It has become a routine to publish at least one article on the effect of sleeve gastrectomy on GERD in the monthly SOARD publication of the American Society of Bariatric and Metabolic Surgery, ASMBS. Acid reflux is threatening to undermine the very low long-term complication rate of gastric sleeve surgery. “Gastroesophageal reflux disease and Barrett’s esophagus after laparoscopic sleeve gastrectomy: a possible, underestimated long-term complication” is a new study by Nicola Basso el al from Rome, Italy. The authors show a significant increase in esophagitis, Barrett’s esophagus and upward migration of the Z line in 110 patients following sleeve gastrectomy performed between 2007 and 2010. Interestingly, they have noticed that most reflux is bilious in nature and describe it in their article as “biliary-like reflux”. The authors report that 14% of the patients underwent a concomitant hiatal hernia repair. They performed what they describe as a “radical fundectomy”. Gastric sleeve resection started at 6 cm from the pylorus and was performed over a 48 F bougie. The staple line was reinforced with a running suture. The gastric remnant measured 60-80 ml, however, the authors do not mention how they measured the gastric sleeve volume.
The most striking finding in this study is the very high incidence of post sleeve gastrectomy GERD related symptoms. All sleeve patients had esophagitis on repeat post-operative EGD and 75% developed Z line migration which in certain cases may represent de-novo hiatal hernia formation. These are the highest reported numbers in the literature and by far, they do not reflect my experience with gastric sleeve surgery. Indeed, when properly performed sleeve gastrectomy resolves pre-existing acid reflux and it prevents the development of de-novo GERD. Hence, is Nicola Basso and colleagues doing something wrong?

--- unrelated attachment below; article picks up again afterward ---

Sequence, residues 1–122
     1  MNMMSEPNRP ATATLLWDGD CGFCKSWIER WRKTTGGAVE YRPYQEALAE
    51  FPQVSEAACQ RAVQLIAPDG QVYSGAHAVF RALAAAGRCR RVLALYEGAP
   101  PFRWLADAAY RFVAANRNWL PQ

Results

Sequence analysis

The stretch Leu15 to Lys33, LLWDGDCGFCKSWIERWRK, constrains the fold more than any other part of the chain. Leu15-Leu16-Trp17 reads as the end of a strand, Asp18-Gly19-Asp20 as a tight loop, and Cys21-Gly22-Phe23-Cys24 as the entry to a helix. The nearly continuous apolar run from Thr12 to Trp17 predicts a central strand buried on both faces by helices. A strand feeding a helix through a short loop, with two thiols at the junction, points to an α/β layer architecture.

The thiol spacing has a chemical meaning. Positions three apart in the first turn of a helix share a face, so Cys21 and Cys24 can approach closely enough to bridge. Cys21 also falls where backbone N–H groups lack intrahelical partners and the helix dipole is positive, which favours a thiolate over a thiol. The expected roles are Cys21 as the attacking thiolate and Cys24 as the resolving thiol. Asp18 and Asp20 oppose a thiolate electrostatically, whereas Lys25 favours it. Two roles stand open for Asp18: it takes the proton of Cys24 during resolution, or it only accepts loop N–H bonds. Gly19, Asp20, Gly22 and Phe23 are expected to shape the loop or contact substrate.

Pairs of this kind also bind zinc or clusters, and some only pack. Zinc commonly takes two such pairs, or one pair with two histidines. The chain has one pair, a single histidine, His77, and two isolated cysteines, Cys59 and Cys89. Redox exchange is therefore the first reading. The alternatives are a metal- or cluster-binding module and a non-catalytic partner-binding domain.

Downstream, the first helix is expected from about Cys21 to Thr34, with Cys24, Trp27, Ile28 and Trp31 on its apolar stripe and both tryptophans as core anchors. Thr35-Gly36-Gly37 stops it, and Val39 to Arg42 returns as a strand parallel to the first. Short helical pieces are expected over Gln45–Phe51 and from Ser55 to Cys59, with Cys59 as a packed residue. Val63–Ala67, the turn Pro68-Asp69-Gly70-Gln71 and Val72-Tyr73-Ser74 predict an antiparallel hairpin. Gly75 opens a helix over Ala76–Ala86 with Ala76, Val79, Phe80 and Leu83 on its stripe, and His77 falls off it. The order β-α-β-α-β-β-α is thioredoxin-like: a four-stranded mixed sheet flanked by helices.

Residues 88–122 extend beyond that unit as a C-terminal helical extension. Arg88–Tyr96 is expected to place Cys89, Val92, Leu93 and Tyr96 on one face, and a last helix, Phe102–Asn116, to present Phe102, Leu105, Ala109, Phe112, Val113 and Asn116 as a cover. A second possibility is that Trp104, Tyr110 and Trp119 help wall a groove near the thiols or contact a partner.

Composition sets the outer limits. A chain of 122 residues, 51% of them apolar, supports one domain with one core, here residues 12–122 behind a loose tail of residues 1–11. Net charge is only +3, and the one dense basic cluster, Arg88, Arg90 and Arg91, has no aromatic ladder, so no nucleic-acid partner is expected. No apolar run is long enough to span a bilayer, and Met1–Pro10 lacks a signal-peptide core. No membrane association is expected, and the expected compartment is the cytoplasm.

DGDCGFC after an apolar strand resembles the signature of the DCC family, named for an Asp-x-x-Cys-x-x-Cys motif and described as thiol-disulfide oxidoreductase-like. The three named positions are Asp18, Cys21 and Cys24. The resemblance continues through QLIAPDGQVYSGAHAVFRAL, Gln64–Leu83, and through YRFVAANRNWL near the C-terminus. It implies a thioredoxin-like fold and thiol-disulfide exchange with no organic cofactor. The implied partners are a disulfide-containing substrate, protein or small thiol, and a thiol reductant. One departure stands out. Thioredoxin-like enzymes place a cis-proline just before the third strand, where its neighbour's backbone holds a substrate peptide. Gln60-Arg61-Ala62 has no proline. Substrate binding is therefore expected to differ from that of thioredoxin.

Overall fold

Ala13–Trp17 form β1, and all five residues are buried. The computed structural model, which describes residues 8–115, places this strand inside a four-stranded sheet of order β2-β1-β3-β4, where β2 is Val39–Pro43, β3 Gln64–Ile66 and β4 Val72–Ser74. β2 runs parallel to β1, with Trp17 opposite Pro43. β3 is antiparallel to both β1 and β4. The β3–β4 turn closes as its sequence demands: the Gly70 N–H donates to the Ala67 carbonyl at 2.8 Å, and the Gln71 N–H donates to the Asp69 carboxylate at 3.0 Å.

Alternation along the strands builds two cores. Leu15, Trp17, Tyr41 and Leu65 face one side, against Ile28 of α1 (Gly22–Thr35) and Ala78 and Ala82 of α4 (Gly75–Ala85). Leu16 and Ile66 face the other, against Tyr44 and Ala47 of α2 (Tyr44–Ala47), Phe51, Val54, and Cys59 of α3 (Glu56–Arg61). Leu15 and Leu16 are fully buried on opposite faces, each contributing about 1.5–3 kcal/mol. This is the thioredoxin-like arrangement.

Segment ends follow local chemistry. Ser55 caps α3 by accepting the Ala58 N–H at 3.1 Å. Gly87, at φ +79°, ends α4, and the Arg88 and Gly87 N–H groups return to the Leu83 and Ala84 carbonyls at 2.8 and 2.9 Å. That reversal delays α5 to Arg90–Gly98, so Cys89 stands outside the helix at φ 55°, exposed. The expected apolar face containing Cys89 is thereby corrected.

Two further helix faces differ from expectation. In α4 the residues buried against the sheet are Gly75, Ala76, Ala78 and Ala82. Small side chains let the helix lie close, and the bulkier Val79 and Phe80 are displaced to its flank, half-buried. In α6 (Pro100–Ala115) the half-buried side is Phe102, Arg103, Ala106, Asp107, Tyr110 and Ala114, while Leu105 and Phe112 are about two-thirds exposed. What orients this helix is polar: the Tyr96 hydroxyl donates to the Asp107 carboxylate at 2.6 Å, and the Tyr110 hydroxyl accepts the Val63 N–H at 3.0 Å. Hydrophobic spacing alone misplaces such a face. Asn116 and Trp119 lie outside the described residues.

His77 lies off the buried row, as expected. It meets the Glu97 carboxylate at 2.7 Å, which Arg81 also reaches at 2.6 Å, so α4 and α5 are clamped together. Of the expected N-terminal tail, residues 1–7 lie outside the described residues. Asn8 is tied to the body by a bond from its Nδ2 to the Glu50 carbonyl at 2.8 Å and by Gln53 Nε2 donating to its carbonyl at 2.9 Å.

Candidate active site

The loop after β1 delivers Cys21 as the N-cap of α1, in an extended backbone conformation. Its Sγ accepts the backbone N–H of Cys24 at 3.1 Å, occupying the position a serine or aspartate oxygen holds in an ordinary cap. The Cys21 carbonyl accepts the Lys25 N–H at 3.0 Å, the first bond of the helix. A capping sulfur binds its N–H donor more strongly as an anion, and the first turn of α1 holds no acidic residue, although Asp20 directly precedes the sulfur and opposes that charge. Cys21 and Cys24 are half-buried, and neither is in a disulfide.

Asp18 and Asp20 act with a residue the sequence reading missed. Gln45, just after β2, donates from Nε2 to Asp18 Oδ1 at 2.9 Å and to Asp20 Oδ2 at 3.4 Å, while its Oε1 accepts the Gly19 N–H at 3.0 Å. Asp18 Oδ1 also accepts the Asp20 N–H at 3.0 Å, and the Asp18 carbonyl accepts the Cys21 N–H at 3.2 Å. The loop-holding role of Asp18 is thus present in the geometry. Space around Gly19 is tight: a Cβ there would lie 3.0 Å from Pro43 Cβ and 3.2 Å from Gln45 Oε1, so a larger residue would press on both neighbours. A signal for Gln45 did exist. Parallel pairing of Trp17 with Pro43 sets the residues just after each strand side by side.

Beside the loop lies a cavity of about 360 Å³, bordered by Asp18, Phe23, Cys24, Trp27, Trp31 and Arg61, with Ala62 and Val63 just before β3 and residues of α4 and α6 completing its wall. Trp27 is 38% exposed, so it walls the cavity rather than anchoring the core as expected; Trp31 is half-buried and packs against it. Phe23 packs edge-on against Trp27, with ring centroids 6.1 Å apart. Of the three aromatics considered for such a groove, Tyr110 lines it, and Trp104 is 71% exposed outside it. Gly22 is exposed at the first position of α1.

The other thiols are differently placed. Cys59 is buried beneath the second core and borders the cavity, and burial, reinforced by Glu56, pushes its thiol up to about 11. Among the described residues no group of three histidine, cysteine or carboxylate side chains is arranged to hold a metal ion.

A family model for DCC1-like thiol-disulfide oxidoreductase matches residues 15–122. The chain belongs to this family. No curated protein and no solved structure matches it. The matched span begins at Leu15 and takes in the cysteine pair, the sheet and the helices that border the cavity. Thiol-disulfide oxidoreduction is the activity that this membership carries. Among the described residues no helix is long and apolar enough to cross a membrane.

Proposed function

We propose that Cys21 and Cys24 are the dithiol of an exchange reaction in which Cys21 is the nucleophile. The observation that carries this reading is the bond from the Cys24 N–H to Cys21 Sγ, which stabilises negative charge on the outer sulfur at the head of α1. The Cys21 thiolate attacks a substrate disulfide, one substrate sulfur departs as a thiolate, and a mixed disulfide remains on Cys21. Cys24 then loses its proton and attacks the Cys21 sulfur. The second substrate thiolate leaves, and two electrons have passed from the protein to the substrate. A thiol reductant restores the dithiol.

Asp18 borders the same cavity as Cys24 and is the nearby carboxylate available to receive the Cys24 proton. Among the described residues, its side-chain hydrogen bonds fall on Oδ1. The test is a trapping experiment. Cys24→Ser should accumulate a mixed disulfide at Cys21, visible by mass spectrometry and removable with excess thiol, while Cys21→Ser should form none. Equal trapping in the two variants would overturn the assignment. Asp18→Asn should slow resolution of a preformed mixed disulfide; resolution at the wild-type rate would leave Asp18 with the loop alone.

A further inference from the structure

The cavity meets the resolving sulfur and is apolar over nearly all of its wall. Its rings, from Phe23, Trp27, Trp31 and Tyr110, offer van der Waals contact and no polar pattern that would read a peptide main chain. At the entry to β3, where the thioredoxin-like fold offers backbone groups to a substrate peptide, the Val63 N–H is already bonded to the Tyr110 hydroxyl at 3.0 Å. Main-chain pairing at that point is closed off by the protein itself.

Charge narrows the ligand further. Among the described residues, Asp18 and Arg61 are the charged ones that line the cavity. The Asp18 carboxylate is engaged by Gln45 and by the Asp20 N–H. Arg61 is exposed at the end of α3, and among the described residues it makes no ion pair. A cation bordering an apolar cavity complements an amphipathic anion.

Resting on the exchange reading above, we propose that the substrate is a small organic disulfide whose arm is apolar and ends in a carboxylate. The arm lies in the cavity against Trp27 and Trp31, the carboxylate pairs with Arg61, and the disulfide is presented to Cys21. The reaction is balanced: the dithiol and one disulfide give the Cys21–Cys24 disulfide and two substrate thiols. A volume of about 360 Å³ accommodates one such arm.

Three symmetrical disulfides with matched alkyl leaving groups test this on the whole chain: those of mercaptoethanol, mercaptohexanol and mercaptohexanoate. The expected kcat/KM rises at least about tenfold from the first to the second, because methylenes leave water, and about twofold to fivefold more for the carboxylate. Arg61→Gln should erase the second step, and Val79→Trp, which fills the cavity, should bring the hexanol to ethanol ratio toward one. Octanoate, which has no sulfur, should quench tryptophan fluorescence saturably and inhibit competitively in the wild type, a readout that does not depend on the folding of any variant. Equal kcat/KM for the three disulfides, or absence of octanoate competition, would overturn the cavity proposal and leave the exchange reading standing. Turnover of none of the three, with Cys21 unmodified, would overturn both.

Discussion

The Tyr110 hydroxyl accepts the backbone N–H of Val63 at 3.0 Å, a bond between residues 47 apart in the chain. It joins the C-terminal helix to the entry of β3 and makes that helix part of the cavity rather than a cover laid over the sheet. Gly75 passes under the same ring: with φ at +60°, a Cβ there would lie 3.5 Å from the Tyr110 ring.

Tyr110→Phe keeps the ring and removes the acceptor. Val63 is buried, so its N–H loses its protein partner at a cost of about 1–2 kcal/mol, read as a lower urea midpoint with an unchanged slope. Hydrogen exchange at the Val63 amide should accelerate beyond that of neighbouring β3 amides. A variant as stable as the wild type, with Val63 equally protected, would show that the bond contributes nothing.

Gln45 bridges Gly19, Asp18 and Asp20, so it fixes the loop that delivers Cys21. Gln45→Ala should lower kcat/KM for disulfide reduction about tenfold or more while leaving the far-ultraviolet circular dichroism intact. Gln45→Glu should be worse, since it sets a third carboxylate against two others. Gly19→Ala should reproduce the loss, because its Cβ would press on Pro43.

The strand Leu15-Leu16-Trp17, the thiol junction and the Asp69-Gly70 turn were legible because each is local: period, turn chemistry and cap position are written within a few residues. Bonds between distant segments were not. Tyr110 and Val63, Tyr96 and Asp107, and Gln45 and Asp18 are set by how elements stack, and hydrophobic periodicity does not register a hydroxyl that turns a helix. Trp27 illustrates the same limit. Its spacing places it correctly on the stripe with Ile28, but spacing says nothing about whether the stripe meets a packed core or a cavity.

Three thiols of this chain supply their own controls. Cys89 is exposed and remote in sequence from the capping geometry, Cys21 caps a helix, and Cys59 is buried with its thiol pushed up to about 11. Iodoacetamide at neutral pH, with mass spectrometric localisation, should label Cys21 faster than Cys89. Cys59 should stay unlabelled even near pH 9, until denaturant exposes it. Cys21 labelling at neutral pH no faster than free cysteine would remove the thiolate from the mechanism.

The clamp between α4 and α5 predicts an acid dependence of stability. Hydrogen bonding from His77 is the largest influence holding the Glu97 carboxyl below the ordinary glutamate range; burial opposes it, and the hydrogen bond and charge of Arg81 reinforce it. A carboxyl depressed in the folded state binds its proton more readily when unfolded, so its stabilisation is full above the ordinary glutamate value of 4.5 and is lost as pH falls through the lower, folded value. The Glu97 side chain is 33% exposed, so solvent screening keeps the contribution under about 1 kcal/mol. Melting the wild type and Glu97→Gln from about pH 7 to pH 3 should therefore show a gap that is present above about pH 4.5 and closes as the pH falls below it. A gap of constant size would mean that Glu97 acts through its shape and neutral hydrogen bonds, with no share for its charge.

The most common cause of post-sleeve gastrectomy GERD is functional narrowing of the incisura angularis. Is it possible that the authors have inadvertently narrowed the incisura angularis? Over sewing the staple line can cause a functional stricture especially when the staple line is too close to the bougie. Adding a “radical fundectomy” and resecting most of the antrum results in a narrow rigid tube that is a recipe for acid and bile reflux. Indeed, when the stomach is mutilated in this a fashion to achieve a “60 to 80 ml” pouch, the tube-like sleeve and the esophagus becomes one continuous cavity that is subject to the negative intra-thoracic pressure. With every breath, the negative intrathoracic pressure is directly transmitted to the sleeve lumen promoting bile reflux into the gastric lumen. Bile and acid accumulate in the proximal stomach above the narrowed incisura. Bile and acid then reflux into the esophagus resulting in severe esophagitis and favoring the development of Barrett’s esophagus. With time, the Z line migrates into the chest favoring the development of a hiatal hernia and the migration of the sleeve into the chest leading to worsening GERD.
When gastric sleeve surgery mutilates the stomach, GERD is an inevitable consequence. I have advocated for a long time, antrum preservation, and a wide incisura angularis (at least 2.5 cm or 75 F). Unfortunately, most bariatric surgeons across the world are driven by the concept of mechanical restriction. Mechanical restriction by itself does not result in durable weight loss. Excessive restriction in the case of sleeve gastrectomy results in GERD. By the same token, inadequate gastric sleeve resection that leaves too much gastric tissue results in poor weight loss. Sleeve resection must be tailored to the stomach shape and must follow basic principles to achieve the most optimal result. Gastric sleeve surgery like any other surgery remains an art with a scientific basis. Mastering the art of sleeve gastrectomy while understanding basic physiology and anatomy can save many patients from unwanted complications.